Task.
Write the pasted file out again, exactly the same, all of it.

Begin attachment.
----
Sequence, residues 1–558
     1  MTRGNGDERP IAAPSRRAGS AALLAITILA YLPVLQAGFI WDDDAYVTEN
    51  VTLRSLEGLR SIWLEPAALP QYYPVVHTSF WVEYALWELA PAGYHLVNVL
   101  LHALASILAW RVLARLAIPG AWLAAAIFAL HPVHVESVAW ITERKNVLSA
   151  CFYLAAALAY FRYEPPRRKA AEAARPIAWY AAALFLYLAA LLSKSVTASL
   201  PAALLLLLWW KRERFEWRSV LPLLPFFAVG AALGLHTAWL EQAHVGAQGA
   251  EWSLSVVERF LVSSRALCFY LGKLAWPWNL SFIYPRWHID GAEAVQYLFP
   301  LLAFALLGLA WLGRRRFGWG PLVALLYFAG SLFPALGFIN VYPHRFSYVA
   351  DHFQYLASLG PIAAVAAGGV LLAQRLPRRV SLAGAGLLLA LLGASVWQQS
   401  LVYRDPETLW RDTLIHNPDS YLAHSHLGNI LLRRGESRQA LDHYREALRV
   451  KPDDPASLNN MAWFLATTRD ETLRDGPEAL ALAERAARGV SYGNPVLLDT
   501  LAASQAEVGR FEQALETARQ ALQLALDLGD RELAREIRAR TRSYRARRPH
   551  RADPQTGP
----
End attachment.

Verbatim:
Sequence, residues 1–558
     1  MTRGNGDERP IAAPSRRAGS AALLAITILA YLPVLQAGFI WDDDAYVTEN
    51  VTLRSLEGLR SIWLEPAALP QYYPVVHTSF WVEYALWELA PAGYHLVNVL
   101  LHALASILAW RVLARLAIPG AWLAAAIFAL HPVHVESVAW ITERKNVLSA
   151  CFYLAAALAY FRYEPPRRKA AEAARPIAWY AAALFLYLAA LLSKSVTASL
   201  PAALLLLLWW KRERFEWRSV LPLLPFFAVG AALGLHTAWL EQAHVGAQGA
   251  EWSLSVVERF LVSSRALCFY LGKLAWPWNL SFIYPRWHID GAEAVQYLFP
   301  LLAFALLGLA WLGRRRFGWG PLVALLYFAG SLFPALGFIN VYPHRFSYVA
   351  DHFQYLASLG PIAAVAAGGV LLAQRLPRRV SLAGAGLLLA LLGASVWQQS
   401  LVYRDPETLW RDTLIHNPDS YLAHSHLGNI LLRRGESRQA LDHYREALRV
   451  KPDDPASLNN MAWFLATTRD ETLRDGPEAL ALAERAARGV SYGNPVLLDT
   501  LAASQAEVGR FEQALETARQ ALQLALDLGD RELAREIRAR TRSYRARRPH
   551  RADPQTGP